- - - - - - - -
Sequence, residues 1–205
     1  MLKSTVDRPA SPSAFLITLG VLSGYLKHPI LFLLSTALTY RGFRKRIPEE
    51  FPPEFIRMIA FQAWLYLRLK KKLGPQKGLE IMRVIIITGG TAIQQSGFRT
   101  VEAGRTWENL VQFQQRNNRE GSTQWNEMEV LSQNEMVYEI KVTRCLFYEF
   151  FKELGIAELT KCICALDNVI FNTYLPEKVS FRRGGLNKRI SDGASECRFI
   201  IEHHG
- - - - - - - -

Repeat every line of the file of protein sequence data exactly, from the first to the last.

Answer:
Sequence, residues 1–205
     1  MLKSTVDRPA SPSAFLITLG VLSGYLKHPI LFLLSTALTY RGFRKRIPEE
    51  FPPEFIRMIA FQAWLYLRLK KKLGPQKGLE IMRVIIITGG TAIQQSGFRT
   101  VEAGRTWENL VQFQQRNNRE GSTQWNEMEV LSQNEMVYEI KVTRCLFYEF
   151  FKELGIAELT KCICALDNVI FNTYLPEKVS FRRGGLNKRI SDGASECRFI
   201  IEHHG